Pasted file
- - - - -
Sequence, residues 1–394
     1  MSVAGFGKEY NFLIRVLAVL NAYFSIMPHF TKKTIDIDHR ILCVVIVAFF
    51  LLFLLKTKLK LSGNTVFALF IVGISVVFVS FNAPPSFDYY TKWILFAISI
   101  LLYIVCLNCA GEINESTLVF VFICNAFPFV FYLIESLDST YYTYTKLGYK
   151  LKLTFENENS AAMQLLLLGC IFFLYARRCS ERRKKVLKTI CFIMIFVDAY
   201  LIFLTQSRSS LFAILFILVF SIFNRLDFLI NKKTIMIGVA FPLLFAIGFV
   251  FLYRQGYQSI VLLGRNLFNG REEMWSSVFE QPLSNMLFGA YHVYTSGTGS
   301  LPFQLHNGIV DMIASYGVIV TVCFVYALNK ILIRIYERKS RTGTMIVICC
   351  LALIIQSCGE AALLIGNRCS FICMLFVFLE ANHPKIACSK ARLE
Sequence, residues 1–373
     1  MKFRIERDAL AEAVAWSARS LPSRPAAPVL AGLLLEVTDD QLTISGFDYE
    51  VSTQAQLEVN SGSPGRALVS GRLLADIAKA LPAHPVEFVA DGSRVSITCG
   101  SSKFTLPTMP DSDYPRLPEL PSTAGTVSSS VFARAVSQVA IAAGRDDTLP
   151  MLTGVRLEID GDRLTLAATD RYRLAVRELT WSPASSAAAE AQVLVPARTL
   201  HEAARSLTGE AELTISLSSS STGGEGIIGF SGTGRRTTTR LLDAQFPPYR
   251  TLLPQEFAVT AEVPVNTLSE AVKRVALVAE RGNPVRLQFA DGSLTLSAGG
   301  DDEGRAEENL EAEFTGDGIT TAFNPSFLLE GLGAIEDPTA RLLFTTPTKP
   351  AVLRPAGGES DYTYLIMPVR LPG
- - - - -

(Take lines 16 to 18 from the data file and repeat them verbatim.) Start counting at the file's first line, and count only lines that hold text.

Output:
   251  TLLPQEFAVT AEVPVNTLSE AVKRVALVAE RGNPVRLQFA DGSLTLSAGG
   301  DDEGRAEENL EAEFTGDGIT TAFNPSFLLE GLGAIEDPTA RLLFTTPTKP
   351  AVLRPAGGES DYTYLIMPVR LPG